NPR’s Morning Edition
“What remains of the American University of Afghanistan?”
NPR’s Steve Inskeep talks with AUAF President Ian Bickford about what this past year has meant for the university and how AUAF continues to educate men and women in Afghanistan.
A MARTINEZ, HOST:
One year ago this month, the Taliban seized control of Afghanistan. Many people fled into exile, and so did an entire university. The American University of Afghanistan was a U.S.-backed institution. Our colleague Steve Inskeep reports on its fate.
STEVE INSKEEP, HOST:
We drove past the campus in Kabul but didn’t see much. Concrete blast walls surround it. The Taliban attacked that campus in years past and now control it. Faculty and students have scattered, yet the university says it remains open and is developing a new campus in Qatar. The university asked us not to meet students who are still in Kabul, saying attention might cause them trouble. But we did reach the university president, who’s in Istanbul. Ian Bickford told us how the faculty and students evacuated one year ago.
IAN BICKFORD: We spent the last two days on campus trying to remove any student records and employee records from the campus, and that included destroying files and hard drives. My colleagues and I and some of the students who remained in the last day stood around a bonfire that was made of our campus records. And, you know, it was – that was the moment of goodbye. There was nothing about it that I can describe in positive terms. But, you know, looking at their faces, looking into their eyes, we knew that we’d done something really important in Afghanistan, and we would continue to do it in whatever way that we can find to do long into the future.
INSKEEP: Do you assume that the university will never return to that campus?
BICKFORD: I cannot and will not assume that.
INSKEEP: Where are your students now?
BICKFORD: They’re in roughly 20 countries. More than half of our students who were enrolled at the time that we closed our campus have left the country. More will leave to join us in Qatar. We anticipate that once the campus in Qatar is operational, all of the women who were enrolled at AUAF last spring will have left Afghanistan and, very hopefully, most or all of the men as well. Others are living and studying independently online in various other countries, and more than 50 of our students now are in the U.S., with the largest number in residence at Bard College in New York.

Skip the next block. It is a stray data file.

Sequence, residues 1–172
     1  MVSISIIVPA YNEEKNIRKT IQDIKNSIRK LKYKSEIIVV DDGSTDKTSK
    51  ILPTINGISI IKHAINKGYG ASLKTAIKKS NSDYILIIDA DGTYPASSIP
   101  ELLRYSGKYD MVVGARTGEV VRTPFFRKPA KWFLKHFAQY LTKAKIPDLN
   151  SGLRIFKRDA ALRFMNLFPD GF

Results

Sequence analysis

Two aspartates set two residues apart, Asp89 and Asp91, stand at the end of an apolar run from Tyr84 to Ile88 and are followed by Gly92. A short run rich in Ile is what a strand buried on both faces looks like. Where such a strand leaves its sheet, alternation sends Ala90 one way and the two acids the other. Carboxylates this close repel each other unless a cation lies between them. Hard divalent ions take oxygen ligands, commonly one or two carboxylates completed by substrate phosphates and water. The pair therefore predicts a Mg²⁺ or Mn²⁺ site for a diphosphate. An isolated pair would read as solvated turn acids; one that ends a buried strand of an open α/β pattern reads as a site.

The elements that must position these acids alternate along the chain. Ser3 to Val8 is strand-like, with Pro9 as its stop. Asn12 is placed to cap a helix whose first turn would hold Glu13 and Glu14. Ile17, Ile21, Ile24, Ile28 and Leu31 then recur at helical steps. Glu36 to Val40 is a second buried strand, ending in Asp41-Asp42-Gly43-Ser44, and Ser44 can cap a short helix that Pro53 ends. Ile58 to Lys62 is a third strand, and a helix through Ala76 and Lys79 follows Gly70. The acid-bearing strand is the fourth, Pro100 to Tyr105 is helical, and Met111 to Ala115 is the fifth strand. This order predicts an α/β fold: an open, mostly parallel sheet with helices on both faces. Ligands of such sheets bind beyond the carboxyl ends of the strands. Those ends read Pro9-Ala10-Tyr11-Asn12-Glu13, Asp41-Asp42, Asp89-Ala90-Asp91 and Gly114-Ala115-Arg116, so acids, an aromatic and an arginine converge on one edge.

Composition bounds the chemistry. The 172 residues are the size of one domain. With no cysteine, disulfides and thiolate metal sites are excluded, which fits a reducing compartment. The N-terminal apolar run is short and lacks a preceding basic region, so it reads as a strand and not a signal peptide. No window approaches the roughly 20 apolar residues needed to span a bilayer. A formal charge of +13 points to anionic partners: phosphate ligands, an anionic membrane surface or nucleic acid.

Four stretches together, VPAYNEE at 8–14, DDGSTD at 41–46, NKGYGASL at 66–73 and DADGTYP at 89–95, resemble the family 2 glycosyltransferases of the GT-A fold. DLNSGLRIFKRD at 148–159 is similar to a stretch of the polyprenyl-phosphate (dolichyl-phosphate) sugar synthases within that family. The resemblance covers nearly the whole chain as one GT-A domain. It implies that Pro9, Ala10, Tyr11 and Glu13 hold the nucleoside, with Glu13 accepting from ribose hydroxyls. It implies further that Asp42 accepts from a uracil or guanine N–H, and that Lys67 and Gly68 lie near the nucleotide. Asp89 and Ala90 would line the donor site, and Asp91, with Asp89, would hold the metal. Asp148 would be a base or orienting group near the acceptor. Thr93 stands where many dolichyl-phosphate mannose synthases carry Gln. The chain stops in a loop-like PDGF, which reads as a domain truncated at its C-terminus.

INSKEEP: Is it strange to have a university that – like, the campus is gone, that there is no center?
BICKFORD: Is it strange? You know, the experience of the pandemic has not only taught us a lot about the potential of online education but also has led us to ask new and, I think, innovative and sometimes even exciting questions about how digital technology can keep a community together when you cannot be together physically and in person.
INSKEEP: What is happening with students in Afghanistan?
BICKFORD: Yeah. The vast majority of young Afghan students who both want and need an education continue to live in Afghanistan, and so it’s important for the university to continue to provide that opportunity. So as we’re relocating students around the world, we’re also continuing to teach online within the borders of Afghanistan. And we anticipate 300 new students, 200 of them women, to join us in the fall to begin their first year of university study online.
INSKEEP: Two-thirds of the in-country students are women, then.
BICKFORD: That’s right. That’s right.
INSKEEP: What is the current status of the campus? What is the government intending to do with it? And what do you think about their intentions?
BICKFORD: Our best understanding is that what we call our international campus, which is a new, high-tech, state-of-the-art campus and the larger of our two campuses, has been well-maintained, carefully maintained and kept secure but that no activities have taken place there. We don’t know what the intention for it is. And we still believe that we have the legal right to that campus in Afghanistan under any interpretation of prevailing law. All I can say, really, is that the use of either campus should be toward the betterment of Afghan young people and equal opportunity for women. Any use of either campus that betrays either of those principles is a misuse.
INSKEEP: Ian Bickford is president of the American University of Afghanistan, which continues classes this fall, wherever in the world that an enrolled student has access to a screen.
MARTINEZ: Our colleague Steve Inskeep is part of an NPR team reporting on who’s included in the Taliban’s Afghanistan. For more of our coverage, just go to npr.org.